–  having regard to the International Covenant on Civil and Political Rights (ICCPR) of 1966,

–  having regard to the Universal Declaration of Human Rights of 1948,

–  having regard to the EU Guidelines on Human Rights Defenders and those on Freedom of Expression Online and Offline,

–  having regard to the Nicaraguan Constitution,

–  having regard to Rule 144(5) and 132(4) of its Rules of Procedure,

A.  whereas on 22 September 2020, the Nicaraguan National Assembly members of the Alianza Frente Sandinista de Liberación Nacional (Sandinista National Liberal Front), the ruling party, presented a proposal for a Law for Regulation of Foreign Agents, modelled on Russia’s 2012 law on foreign agents, which, if adopted, will oblige every person, organisation or institution, including media outlets and non-governmental organisations that receive funds from abroad, to be registered with the Ministry of the Interior (Migob) and to submit to financial monitoring by the Financial Analysis Unit (UAF);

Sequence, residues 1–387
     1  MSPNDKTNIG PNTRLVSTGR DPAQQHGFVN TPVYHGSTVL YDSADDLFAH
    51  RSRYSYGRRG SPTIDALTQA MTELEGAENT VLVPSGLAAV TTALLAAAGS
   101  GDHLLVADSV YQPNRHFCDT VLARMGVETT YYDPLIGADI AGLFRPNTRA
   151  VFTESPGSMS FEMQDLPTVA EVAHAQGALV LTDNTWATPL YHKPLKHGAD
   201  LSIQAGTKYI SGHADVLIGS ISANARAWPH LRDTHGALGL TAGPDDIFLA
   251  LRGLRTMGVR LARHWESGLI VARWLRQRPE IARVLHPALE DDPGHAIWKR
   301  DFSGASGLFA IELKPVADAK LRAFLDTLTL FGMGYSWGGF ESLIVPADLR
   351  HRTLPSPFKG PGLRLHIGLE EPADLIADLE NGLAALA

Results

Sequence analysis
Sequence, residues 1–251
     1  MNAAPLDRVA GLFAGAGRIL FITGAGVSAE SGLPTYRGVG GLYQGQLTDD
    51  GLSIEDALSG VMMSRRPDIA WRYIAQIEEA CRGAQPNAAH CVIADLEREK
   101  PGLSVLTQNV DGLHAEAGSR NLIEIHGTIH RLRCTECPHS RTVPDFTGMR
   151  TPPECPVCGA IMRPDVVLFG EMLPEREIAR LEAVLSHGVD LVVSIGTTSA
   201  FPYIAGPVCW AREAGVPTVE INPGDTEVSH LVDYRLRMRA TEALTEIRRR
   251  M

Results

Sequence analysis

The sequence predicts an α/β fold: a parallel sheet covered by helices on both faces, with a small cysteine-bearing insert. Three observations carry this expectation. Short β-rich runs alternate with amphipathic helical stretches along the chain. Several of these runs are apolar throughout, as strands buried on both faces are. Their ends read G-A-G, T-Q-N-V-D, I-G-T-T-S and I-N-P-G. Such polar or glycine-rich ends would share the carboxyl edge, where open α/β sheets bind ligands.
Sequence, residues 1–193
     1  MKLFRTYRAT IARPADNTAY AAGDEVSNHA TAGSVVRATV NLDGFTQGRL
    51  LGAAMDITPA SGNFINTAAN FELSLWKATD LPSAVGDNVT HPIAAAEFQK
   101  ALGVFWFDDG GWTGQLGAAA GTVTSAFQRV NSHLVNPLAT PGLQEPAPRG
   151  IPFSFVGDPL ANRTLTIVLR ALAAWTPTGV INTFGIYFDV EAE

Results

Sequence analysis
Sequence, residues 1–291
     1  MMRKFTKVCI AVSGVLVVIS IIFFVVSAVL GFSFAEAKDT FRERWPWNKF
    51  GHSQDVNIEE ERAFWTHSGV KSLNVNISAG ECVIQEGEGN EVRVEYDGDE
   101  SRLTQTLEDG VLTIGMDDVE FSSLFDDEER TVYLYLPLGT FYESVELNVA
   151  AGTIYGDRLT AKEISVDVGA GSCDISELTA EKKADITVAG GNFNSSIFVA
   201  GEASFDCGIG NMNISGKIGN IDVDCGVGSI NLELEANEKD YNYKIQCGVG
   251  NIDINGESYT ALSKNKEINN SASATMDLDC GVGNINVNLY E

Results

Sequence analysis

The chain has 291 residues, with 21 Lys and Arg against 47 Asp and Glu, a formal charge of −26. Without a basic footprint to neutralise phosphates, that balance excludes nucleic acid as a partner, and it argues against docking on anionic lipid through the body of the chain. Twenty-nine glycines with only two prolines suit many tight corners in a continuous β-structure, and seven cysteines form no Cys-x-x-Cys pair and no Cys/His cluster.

B.  whereas any person or entity registered with the Ministry of the Interior as a ‘foreign agent’ would be subject to close surveillance and would have to ‘refrain from intervening in domestic political affairs or matters’ as stated in Article 12, thereby restricting their civil and political rights, and allowing them to be persecuted, harassed and criminally prosecuted; whereas, if adopted, this law would negatively affect the right to equal political and public participation, including of the opposition, thus further distorting the political system in Nicaragua; whereas this can lead to grave situations of unlawful criminalisation of civil society organisations, activists and human rights defenders;